Thalamic cortices mediate nostalgia-induced pain relief

Nostalgia can relieve pain
Brain activation of the lingual gyrus and parahippocampal gyrus, areas involved in pain perception, was significantly decreased after viewing nostalgic images compared to control images. Credit: Zhang et al., JNeurosci 2021

Ever notice that looking at photos of good times with family or friends diminishes the pain of your headache? Nostalgia has already been shown to be helpful with pain relief, and a new study has now revealed the thalamocortical mechanism for nostalgia-induced analgesia.

Led by Dr. Kong Yazhuo from the Institute of Psychology of the Chinese Academy of Sciences, the research team found that the thalamus, a critical brain region for modulation, is also related to the associated with .

Nostalgia, a sentimental longing for one's past, is a self-conscious, perhaps bittersweet but predominantly positive social emotion. Nostalgia helps us maintain a positive psychological status when counteracting the negative impact of difficult situations. The adaptive functions of nostalgia are many, with one effect being .

In the current study, a nostalgia-related functional MRI paradigm (i.e., nostalgia vs. control cues when people were viewing pictures) was combined with heat-pain stimulation (i.e., low heat vs. high heat when people were feeling pain) to examine how brain responses elicited by pain stimulation were modulated after people experienced nostalgic emotion.

After observing triggers of childhood memories, participants reported experiencing weaker feelings of pain in response to the thermal stimuli, particularly at low stimulus intensities.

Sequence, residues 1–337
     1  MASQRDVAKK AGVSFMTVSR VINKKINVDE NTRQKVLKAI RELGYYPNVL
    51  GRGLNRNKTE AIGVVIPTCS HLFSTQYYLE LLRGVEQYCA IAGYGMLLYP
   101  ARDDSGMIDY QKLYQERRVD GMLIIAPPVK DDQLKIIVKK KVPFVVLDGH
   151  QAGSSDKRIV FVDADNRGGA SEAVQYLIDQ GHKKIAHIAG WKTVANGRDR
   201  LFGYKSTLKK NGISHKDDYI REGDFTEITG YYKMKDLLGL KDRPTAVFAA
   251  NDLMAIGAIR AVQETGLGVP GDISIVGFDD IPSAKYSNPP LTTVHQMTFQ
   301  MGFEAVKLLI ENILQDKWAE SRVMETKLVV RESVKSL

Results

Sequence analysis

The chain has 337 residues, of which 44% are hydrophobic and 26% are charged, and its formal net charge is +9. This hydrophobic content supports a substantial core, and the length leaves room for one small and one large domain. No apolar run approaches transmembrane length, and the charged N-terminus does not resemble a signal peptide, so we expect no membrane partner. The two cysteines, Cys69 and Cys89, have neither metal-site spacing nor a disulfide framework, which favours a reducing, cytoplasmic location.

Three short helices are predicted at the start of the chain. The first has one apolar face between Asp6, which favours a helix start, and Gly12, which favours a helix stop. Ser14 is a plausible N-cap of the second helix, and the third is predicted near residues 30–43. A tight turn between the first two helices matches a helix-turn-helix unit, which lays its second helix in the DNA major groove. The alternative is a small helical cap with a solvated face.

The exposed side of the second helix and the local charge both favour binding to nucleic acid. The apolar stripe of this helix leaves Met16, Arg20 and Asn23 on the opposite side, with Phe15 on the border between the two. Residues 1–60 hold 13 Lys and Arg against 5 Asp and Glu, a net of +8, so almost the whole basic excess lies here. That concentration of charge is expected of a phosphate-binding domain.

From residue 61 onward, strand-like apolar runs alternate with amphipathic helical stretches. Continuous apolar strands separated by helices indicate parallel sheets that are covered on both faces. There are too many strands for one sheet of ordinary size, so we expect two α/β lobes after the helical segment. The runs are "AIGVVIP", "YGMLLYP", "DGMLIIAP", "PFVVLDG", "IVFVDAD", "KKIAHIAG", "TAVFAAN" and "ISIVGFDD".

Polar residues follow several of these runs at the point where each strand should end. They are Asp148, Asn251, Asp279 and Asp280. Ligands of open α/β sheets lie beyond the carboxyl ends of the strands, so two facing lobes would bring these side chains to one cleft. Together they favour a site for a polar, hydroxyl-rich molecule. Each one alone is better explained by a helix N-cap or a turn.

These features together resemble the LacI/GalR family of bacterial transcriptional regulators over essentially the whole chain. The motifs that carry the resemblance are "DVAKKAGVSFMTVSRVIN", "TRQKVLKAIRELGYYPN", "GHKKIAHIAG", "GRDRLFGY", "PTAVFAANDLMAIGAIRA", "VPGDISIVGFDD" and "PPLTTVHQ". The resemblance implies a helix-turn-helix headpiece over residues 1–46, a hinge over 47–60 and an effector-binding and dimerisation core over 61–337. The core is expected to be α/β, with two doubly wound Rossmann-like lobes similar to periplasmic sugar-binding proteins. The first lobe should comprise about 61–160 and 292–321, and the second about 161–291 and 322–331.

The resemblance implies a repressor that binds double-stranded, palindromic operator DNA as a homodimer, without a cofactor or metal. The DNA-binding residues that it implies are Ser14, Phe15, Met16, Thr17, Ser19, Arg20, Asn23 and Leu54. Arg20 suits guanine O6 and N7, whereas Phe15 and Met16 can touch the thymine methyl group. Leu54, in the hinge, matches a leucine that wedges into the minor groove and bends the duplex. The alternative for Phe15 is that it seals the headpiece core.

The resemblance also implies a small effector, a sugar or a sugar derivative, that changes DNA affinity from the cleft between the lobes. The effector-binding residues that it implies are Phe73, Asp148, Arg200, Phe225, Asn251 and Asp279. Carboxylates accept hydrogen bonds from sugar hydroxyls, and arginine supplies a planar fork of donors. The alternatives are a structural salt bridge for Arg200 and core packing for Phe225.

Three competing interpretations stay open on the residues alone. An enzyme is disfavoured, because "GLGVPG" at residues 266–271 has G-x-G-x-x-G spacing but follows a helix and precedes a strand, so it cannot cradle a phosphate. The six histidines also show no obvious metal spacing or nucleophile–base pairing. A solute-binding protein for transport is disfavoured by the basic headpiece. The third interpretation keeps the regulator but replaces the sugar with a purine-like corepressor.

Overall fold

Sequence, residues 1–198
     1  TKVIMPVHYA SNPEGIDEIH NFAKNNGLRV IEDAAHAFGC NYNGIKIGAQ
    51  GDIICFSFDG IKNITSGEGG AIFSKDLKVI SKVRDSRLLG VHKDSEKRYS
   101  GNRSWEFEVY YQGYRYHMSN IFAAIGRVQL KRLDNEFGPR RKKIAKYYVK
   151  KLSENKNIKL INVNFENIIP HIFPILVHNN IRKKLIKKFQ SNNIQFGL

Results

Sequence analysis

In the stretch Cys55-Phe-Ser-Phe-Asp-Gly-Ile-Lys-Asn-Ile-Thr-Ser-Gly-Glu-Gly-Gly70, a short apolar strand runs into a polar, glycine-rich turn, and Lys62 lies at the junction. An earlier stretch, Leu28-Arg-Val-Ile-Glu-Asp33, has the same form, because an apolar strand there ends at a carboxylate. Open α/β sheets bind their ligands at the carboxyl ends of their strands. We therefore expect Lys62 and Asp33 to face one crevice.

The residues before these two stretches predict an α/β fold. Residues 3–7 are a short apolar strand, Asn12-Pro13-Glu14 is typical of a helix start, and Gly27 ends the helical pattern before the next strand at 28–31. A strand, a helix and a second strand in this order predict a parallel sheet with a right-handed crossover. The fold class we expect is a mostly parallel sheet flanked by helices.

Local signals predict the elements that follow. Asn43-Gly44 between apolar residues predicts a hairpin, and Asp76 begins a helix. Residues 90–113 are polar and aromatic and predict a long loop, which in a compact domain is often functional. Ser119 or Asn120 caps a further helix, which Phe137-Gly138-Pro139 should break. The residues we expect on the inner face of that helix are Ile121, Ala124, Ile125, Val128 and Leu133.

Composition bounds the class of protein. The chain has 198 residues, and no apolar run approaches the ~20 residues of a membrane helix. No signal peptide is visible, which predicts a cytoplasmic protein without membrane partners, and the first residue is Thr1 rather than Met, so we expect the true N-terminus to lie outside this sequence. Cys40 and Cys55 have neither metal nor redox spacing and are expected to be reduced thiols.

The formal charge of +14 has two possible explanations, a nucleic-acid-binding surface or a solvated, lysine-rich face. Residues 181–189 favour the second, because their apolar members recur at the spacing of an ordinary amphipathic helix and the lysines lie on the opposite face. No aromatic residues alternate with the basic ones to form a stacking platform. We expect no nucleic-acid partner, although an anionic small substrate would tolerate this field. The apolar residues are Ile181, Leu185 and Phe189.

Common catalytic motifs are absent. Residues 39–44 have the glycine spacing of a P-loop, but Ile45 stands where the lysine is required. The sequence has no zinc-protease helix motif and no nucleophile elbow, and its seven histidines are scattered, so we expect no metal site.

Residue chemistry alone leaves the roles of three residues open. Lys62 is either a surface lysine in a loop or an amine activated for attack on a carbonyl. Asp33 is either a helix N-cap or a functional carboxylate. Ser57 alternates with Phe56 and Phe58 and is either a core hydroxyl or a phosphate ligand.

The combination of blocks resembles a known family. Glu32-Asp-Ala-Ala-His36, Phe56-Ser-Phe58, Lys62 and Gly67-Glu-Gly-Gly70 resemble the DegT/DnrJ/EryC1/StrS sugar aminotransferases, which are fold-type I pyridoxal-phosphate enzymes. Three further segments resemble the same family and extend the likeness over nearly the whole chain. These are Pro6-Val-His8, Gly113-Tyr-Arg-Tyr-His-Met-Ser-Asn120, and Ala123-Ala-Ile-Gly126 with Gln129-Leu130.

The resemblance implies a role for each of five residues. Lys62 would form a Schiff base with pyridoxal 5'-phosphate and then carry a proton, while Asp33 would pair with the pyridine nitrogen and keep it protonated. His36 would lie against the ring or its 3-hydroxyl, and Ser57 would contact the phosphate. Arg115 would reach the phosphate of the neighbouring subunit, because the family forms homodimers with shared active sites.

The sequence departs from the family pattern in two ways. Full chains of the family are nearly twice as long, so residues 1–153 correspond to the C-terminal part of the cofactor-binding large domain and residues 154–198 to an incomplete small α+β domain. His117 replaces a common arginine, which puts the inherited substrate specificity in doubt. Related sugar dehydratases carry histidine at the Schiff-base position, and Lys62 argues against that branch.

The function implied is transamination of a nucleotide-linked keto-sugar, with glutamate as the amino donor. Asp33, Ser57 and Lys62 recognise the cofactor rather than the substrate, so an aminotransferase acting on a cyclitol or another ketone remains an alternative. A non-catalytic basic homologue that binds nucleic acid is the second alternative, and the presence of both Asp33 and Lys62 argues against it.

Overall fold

Thalamic cortices mediate nostalgia-induced pain relief
The model of thalamus-centered pathways affected by the analgesic effect associated with nostalgia. Credit: Institute of Psychology, Chinese Academy of Sciences

Most importantly, the anterior thalamus encoded nostalgia, and the posterior parietal thalamus encoded pain perception. Anterior thalamic activation can predict posterior parietal thalamus activation. "The thalamus plays a key role as a central functional linkage in the analgesic effect," said Dr. Zhang Ming, first author of the study.

When people were looking at pictures, the strength of the nostalgia they experienced was also strongly associated with connectivity between the thalamus and the periaqueductal gray (PAG), an area of gray matter found in the midbrain. In this situation, coupling between PAG and the dorsal-lateral prefrontal cortex predicted pain perception when people were feeling pain. This indicates that the modulates nociceptive inputs and plays a crucial role in triggering the brain-stem analgesic pathway.

Sometimes people experience mild clinical pain that's uncomfortable, but not enough to require medication. In these cases, non-drug analgesic pain relief methods can be helpful or even necessary.

This study sheds light on the neural mechanisms underlying nostalgia-induced pain relief, providing novel insights into the further development and improvement of non-drug, psychological analgesia.

This work was published in the Journal of Neuroscience on Feb. 28.

More information: Journal of Neuroscience (2022). DOI: 10.1523/JNEUROSCI.2123-21.2022

Journal information: Journal of Neuroscience

Citation: Thalamic cortices mediate nostalgia-induced pain relief (2022, February 28) retrieved 5 June 2023 from
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